What is GAD?

What is GAD?

Photo from: Brunet

What is GAD?

GAD stands for Generalized Anxiety Disorder. Classified in the category of Anxiety Disorders, such as PTSD and OCD, GAD is one of many issues many Canadians face regarding anxiety.

The first thing you need to understand about anxiety disorders is this: Everyone has worries and anxieties over things in their life. GAD is NOT normal. What I mean by “normal” is that people who have GAD become obsessive over their every day life issues. Remember when Sally criticized you at work? A “normal” person would have forgotten about it in a day or two, someone with GAD obsessives over the comment for an extended period of time, as long as up to six months.

According to the Canadian Mental Health Associated, GAD is defined as the following: “Generalized anxiety disorder is excessive worry around a number of everyday problems for more than six months. This anxiety is often far greater than expected—for example, intense anxiety over a minor concern. Many people experience physical symptoms too, including muscle tension and sleep problems.” (CHMA Website).

GAD is also not just having anxiety over one thing. It’s having constant, stressful anxiety over everything. From work, to kids, to your new job, to your spouse, to the crowd at Wal-Mart, to the fear of having to give a presentation at work. Hence the term “general.” GAD isn’t just set off by one stressor, it is a combination of many.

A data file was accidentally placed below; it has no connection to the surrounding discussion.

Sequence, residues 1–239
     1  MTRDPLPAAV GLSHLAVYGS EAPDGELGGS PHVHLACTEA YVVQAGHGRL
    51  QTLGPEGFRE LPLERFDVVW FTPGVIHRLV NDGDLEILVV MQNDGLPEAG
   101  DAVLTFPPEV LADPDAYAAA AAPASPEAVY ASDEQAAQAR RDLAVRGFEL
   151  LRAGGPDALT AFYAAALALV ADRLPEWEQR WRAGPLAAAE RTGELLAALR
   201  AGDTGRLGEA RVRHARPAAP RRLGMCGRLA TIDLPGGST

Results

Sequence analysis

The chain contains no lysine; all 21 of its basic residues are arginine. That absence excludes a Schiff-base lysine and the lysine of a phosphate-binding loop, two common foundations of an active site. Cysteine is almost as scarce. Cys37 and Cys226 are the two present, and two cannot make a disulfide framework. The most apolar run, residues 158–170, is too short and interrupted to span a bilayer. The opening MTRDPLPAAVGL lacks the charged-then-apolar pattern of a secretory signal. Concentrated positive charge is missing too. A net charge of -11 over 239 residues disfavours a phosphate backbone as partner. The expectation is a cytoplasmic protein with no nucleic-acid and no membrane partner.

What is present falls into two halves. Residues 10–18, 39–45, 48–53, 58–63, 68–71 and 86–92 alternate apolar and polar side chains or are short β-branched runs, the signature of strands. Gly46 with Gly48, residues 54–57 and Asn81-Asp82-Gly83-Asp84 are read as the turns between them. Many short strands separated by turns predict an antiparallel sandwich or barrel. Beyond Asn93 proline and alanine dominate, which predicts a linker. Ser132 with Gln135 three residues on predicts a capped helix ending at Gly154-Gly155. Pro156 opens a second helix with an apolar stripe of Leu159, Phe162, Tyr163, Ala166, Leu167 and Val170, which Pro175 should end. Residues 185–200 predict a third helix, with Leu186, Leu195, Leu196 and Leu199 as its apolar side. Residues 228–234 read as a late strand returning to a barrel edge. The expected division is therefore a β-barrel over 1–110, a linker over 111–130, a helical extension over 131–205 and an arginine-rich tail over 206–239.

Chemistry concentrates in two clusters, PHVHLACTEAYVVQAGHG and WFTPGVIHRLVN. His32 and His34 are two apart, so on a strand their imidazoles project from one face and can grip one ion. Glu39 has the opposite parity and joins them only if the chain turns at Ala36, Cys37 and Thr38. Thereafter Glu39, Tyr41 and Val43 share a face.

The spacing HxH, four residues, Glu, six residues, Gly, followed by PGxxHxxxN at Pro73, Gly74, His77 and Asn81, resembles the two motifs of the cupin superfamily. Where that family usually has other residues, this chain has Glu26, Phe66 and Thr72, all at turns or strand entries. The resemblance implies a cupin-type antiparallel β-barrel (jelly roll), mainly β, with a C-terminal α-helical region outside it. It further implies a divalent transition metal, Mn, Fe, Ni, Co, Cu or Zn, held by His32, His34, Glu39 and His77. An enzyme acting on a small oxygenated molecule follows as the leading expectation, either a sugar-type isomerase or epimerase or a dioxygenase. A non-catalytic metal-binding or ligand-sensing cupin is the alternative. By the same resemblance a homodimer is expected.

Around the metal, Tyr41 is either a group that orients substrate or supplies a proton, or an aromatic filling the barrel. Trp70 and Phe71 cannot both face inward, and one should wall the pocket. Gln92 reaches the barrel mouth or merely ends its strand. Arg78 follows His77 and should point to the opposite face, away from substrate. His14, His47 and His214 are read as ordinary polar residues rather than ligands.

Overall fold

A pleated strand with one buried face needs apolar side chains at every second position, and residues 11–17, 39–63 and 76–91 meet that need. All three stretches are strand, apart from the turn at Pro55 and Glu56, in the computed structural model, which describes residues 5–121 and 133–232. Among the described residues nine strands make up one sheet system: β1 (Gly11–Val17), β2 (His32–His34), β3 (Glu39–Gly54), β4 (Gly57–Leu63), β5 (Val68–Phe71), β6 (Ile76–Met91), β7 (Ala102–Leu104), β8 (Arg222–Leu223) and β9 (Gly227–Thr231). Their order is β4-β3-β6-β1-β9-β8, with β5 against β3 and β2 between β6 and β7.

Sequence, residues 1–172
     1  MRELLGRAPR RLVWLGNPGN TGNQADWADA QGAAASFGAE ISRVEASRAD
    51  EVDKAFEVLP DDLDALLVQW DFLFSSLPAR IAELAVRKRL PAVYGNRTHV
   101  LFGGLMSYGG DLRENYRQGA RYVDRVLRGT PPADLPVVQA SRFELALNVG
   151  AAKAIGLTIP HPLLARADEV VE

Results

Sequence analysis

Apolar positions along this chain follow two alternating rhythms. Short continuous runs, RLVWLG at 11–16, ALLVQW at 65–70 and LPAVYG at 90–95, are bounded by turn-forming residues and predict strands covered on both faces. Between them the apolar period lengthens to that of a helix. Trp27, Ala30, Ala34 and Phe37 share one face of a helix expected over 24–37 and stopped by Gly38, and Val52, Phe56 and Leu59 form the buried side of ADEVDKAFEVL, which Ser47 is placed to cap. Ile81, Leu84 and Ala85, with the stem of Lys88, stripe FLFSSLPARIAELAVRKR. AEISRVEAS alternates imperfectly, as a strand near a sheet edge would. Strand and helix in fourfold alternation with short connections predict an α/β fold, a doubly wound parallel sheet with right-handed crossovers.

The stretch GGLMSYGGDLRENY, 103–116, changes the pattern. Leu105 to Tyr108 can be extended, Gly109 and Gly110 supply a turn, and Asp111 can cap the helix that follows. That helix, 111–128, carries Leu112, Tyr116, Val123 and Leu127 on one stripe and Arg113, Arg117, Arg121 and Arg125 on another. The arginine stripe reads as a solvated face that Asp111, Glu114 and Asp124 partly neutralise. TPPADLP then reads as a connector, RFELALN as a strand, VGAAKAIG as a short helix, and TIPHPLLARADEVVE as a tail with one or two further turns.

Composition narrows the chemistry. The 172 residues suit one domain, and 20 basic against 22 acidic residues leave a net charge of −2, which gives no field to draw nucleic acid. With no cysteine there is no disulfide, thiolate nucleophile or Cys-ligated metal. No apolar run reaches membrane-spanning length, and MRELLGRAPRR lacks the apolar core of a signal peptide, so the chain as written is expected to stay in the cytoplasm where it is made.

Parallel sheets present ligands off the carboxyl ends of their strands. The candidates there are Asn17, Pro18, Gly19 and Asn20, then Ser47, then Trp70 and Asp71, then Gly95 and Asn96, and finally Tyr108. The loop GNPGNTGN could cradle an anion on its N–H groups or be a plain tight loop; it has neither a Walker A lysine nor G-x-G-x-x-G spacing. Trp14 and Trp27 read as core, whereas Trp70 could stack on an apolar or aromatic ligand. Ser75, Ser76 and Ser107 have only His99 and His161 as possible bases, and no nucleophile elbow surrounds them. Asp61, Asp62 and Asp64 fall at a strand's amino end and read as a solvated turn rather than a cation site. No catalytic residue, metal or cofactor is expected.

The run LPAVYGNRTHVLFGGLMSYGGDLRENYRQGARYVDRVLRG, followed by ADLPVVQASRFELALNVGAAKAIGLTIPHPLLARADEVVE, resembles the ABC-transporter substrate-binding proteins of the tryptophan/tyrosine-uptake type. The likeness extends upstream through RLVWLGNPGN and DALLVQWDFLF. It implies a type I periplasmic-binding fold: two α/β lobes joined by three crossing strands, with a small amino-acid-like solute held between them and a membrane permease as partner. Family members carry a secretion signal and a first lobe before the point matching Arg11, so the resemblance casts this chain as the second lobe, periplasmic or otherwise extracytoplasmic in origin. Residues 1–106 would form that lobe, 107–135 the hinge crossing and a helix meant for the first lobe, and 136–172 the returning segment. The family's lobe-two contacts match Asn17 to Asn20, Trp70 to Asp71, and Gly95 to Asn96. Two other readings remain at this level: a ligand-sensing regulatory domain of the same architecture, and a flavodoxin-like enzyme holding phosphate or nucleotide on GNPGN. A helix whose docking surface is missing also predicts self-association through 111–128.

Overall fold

Like PTSD, and many other panic disorders, GAD has treatment options which can involve counselling, medication, support group, and self-help strategies. Of course, every person is different, so talk to your doctor about the right treatment option for you.

It’s also important for loved ones to get involved with helping the victim treat their illness. The most important thing to remember is that the illness is the problem – don’t blame yourself if a loved one acts out because they are unable to cope with the amount of stress they are feeling. It’s just the illness, not you! If you want to help a loved one, talk to them or your doctor.

It’s also important to remember that GAD going untreated can lead to other mental health problems, leading to more issues, such as depression. If you suspect a loved one needs help, talk to them about it.

And most importantly, if you suspect a loved ones is at risk for suicide or you suspect they are making plans to end their own life, call 911 immediately!

Remember, I am NOT a doctor, I am just living with GAD. If you need more information or help, contact your doctor and learn how you can cope with GAD/ or helped a loved one.

There is lots more to learn about GAD, so do the research and help break down barriers for people living with mental health issues!


Below are some resources for extra research of GAD and other mental health issues:

Anxiety Disorders – Canadian Mental Health Association

Generalized Anxiety Disorders – Canadian Mental Health Association – BC Division

Generalized Anxiety Disorders – Mayo Clinic

5 Things you Need to Know About GAD – Brunet